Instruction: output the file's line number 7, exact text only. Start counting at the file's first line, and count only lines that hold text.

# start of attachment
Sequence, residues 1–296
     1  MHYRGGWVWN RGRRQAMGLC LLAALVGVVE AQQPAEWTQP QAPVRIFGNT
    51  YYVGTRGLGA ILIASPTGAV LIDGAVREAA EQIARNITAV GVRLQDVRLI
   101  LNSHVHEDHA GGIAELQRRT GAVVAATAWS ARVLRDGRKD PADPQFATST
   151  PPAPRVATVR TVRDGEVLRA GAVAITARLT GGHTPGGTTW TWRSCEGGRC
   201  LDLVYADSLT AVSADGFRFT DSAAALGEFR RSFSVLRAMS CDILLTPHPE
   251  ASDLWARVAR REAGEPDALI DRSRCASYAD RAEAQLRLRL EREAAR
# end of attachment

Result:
   251  ASDLWARVAR REAGEPDALI DRSRCASYAD RAEAQLRLRL EREAAR